The correct method would be to keep track of the cumulative pitch, yaw, roll angles. Then reconstruct the transformation matrix from those angles every update.

share|improve this answer

If there is any chance: avoid multiplying rotation matrices. Keep track of the cumulative rotation and compute a new rotation matrix at each step.

If it is impossible to avoid multiplying the rotation matrices then renormalize them (page 16). It works for me just fine for more than 10 thousand multiplications.

However, I suspect that it will not help you, numerical errors usually requires more than 2 steps to manifest themselves. It seems to me the reason for your problem is somewhere else.

Yaw, pitch and roll are not good for arbitrary rotations. Euler angles suffer from singularities and instability. Look at 38:25 (presentation of David Sachs)


Good luck!

share|improve this answer
Thanks for the references, normalizing is also an interesing aspect keeps the things straight. For now i use PMatrix3D but going to dive deeper into these arbitrary rotation methodes – Muhneer Apr 28 '11 at 7:29
OK, good luck anyhow! – Ali Apr 28 '11 at 10:12

As @don mentions, try to avoid cumulative transformations, as you can run into all sort of problems. Rotating by one axis at a time might lead you to Gimbal Lock issues. Try to do all rotations in one go.

Also, bare in mind that Processing comes with it's own Matrix3D class called PMatrix3D which has a rotate() method which takes an angle(in radians) and x,y,z values for the rotation axis.

Here is an example function that would rotate a bunch of PVectors:

PVector[] rotateVerts(PVector[] verts,float angle,PVector axis){
  int vl = verts.length;
  PVector[] clone = new PVector[vl];
  for(int i = 0; i<vl;i++) clone[i] = verts[i].get();
  //rotate using a matrix
  PMatrix3D rMat = new PMatrix3D();
  PVector[] dst = new PVector[vl];
  for(int i = 0; i<vl;i++) {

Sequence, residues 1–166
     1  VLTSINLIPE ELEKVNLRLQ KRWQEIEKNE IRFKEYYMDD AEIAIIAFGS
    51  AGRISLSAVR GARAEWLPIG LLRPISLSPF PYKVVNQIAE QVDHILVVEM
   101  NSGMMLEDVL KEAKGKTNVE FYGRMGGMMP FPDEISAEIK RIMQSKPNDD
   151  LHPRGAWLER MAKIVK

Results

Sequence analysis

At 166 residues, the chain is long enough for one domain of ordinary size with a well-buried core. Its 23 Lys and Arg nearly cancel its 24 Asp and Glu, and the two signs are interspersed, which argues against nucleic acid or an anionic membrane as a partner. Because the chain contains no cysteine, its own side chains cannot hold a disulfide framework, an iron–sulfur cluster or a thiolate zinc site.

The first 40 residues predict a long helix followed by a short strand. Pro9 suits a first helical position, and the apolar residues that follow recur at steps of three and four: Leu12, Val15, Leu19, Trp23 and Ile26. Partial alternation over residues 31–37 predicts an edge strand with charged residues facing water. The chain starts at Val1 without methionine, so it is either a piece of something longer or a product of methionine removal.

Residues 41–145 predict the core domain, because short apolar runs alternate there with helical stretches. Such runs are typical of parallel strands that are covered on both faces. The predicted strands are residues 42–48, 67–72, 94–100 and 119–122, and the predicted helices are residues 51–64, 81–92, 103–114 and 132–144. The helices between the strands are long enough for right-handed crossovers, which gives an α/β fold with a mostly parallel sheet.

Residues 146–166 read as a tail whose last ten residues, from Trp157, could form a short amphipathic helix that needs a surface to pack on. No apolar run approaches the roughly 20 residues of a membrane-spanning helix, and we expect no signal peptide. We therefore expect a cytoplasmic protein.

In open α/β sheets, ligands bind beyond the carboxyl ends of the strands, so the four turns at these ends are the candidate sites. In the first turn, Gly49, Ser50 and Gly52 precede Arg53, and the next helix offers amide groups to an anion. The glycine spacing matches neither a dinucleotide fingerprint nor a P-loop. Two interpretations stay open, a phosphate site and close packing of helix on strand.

dst[i] = new PVector();
  return dst;

and here is an example using it.

rotation matrix


share|improve this answer
Ah thats extremely helpfull, for some reason i'v ignored that class but it fixxes most of my problems. perfect! – Muhneer Apr 28 '11 at 7:27

A shot in the dark: I don't know the rules or the name of the programming language you are using, but this procedure looks suspicious:

void setIdentity() {  
    this.matrix = identityMatrix;

Are you sure your are taking a copy of identityMatrix? If it is just a reference you are copying, then identityMatrix will be modified by later operations, and soon nothing makes sense.

share|improve this answer

Though the matrix renormalization suggested probably works fine in practice, it is a bit ad-hoc from a mathematical point of view. A better way of doing it is to represent the cumulative rotations using quaternions, which are only converted to a rotation matrix upon application. The quaternions will also drift slowly from orthogonality (though slower), but the important thing is that they have a well-defined renormalization.

Good starting information for implementing this can be:

A useful academic reference can be:

  • K. Shoemake, “Animating rotation with quaternion curves,” ACM SIGGRAPH Comput. Graph., vol. 19, no. 3, pp. 245–254, 1985. DOI:10.1145/325165.325242
share|improve this answer